“You know, you could train him,” she said with a sly smile. “He might not be ‘The One’ for you, but you never know. He might be rough around the edges, but you could teach him a thing or two. He’ll be a better man when he meets another girl, if you guys don’t work out.”
I’m not sure about that, I thought.
“I guess so,” I said.
I couldn’t believe what I was hearing. My professor, the one I’ve so long admired and respected, the one who I worked so hard to get the approval of, was giving me advice on how to play boys? Mirror shattered. A woman screams from a third floor window. Pretty sure a stray cat died somewhere in the process. An abyss of jungle vine and you realize your knees and elbows are scratched up. Shit. The pussy was off the pedestal. The unfathomable suddenly became human.
AT THE DINER (what had happened)
He ordered an omelet. I felt a tinge of regret having agreed to just sit there and waste time when I could’ve gone home and done work. Somehow the conversation shifted from classwork to
“Wow, I thought you were American,” I said.
His face lit up.
“Really? I don’t have an accent?”
“Now that you point it out… just a little. Hardly noticeable.”
“You know how I learned? The first semester I was here, I only spoke in English,” he said as he leaned back against the plastic seat. “Even to my international friends. They’d say, ‘Why aren’t you speaking in Chinese?’ and I’d reply in English. After all, we’re in America, right?”
I forced a laugh. I don’t remember much else of the conversation, but at one point we talked about producing a television series.
“The show could be about a nice lawyer,” he said.
“Prosecuting or defense?”
“Defense. Wait. Wouldn’t prosecuting be better?” I said.
“It would be a nice contrast to her personality. That’d be interesting. A harsh job like a lawyer, but with a pushover type of person! I’m not sure how many people would watch it though.”
“What about a person who writes checks,” I joked. “All they do is write checks day and night for a living for some rich millionaire. A few thousand dollars? No problem. You want a yacht? Okay, let me write it out for ya. The person would make a lot of money but they’re entirely miserable.”
“That sounded really convincing,” he said with a smile. “You should write a script for it. It could be the next hit.”
Looking back, my professor wasn’t only motherly towards me, but all her students. She got angry at us once because all of our reviews were sloppy. Still, it was the good kind of anger. She went out of her way to do a lot of things people overlooked. She never asked for praise or glory, only that you spent enough time on the course work to accomplish something. A good professor helps you see a grander vision. You somehow want to become a better version of yourself. A great teacher gives opportunity.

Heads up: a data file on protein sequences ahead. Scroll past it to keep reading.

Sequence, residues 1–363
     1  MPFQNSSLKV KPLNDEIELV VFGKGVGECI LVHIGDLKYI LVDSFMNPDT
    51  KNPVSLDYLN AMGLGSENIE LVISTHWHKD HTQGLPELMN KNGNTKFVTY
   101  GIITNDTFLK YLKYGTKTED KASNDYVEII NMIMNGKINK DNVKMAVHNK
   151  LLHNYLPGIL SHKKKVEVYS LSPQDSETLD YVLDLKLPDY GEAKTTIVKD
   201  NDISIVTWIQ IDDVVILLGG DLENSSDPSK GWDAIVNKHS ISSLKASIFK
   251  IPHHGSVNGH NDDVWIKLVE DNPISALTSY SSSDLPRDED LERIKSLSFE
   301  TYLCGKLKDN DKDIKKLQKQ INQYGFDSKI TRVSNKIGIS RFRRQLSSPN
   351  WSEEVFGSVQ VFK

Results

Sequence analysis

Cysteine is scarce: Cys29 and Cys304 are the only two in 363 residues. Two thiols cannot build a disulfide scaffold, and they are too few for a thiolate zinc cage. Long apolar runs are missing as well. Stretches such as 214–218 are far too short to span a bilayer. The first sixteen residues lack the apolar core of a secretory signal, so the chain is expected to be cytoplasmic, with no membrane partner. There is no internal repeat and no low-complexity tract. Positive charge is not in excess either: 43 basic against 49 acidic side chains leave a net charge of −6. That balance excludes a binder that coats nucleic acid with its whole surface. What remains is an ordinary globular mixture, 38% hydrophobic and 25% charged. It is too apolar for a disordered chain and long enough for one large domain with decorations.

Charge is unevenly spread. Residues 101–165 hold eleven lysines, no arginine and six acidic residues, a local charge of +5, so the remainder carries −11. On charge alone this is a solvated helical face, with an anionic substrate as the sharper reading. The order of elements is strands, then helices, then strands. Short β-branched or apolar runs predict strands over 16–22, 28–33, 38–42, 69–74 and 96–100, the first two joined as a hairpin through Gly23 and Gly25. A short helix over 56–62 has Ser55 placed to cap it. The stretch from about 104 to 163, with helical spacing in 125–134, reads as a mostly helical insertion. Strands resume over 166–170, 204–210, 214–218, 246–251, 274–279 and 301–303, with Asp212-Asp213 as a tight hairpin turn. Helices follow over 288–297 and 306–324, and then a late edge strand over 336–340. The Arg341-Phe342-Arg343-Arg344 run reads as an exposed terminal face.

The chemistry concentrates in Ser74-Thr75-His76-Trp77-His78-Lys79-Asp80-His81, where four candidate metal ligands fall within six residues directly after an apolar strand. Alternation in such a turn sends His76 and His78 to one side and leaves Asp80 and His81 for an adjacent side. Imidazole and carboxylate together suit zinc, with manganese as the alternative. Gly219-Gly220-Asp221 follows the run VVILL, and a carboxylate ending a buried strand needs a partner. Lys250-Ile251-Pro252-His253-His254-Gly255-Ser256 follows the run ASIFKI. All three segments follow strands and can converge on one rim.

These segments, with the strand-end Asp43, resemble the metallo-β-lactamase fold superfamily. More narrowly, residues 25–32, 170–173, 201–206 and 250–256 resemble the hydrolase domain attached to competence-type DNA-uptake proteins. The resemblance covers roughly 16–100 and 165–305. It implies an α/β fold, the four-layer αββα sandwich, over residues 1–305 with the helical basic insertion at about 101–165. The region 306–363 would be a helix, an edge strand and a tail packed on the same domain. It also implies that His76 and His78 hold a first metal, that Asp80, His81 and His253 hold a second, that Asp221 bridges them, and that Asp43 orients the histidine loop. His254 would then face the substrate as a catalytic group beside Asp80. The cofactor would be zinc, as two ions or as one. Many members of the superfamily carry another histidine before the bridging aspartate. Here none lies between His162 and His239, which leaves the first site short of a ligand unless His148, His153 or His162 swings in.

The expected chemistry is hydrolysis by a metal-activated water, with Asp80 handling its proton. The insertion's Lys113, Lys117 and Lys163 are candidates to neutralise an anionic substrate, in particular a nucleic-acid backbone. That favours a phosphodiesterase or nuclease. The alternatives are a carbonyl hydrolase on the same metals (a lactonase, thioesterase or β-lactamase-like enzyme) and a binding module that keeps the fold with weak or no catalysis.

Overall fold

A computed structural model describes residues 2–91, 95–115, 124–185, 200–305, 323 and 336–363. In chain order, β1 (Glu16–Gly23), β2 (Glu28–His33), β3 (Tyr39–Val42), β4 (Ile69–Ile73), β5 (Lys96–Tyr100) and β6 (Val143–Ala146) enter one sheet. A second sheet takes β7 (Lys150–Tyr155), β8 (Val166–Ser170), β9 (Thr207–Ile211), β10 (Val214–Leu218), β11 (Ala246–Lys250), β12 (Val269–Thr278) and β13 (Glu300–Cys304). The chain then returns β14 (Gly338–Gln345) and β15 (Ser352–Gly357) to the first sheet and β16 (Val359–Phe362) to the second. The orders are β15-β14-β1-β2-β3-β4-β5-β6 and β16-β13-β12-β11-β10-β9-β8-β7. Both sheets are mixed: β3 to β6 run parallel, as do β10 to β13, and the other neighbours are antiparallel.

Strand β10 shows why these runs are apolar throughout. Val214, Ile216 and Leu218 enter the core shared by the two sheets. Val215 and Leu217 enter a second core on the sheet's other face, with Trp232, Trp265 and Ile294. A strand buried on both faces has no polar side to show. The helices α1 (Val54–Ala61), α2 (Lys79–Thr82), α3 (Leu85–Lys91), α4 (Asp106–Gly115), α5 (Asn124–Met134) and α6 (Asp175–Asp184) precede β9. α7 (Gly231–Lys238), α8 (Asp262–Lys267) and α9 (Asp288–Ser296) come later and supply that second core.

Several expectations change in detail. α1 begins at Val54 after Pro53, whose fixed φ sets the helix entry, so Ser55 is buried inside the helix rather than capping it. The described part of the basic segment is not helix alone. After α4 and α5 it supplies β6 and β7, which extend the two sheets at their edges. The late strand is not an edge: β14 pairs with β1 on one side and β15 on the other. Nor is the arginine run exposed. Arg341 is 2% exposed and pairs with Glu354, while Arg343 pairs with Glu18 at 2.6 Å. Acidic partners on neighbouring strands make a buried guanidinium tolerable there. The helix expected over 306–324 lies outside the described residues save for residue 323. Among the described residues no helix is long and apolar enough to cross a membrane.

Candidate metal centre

“That was a date,” my classmate Jess said matter-of-factly.
“It was not,” I said.
“You went to watch a movie. Then you got food afterwards, just the two of you. It was a date.”
It wouldn’t have been a date if our group mates had showed up like they were supposed to, I thought.
“It wasn’t! We just got food to talk about the assignment.”
She raised a brow and stared at me. Really?
“Okay, well maybe you didn’t think it was date, but he definitely thought it was,” she said.
That’s troublesome. I began to pay more attention to him in class. He closely examined how I fiddled with my hair tie, the loop contracting and expanding between my fingers.
BACK AT THE DINER – PITCH BLACK OUTSIDE
A red OPEN sign flickers. In the small section of downtown, every other store in the diner’s vicinity is closed.
HER: (curiously) You’re transferring? Where to?
HIM: I’m not sure yet, but a school that has a better film program.
HER: When will you know by?
HIM: Probably December. (he looks at her, expecting)
The waitress refills a man’s coffee cup at the bar counter.
HER: (surprised) That’s pretty soon. (she has a clue of what he wants her to say, but refuses to comply)
HIM: (he has no idea what she’s thinking)
A brief, awkward and silent moment passes. The waitress comes by and leaves two checks at the edge of their table.
HER: Well, you ready to head out?
HIM: (picks up her cue) Yeah. Do you know when the next bus comes?
HER: Actually, I drove here. (pause) I could give you a ride if you want.
HIM: That’d be great.
HER: Okay, cool. (a little forcefully) Let’s go!
They pay for their meal at the register. He opens the door for her on their way out. She drops him off at his apartment, waves goodbye and then drives home to do unfinished homework.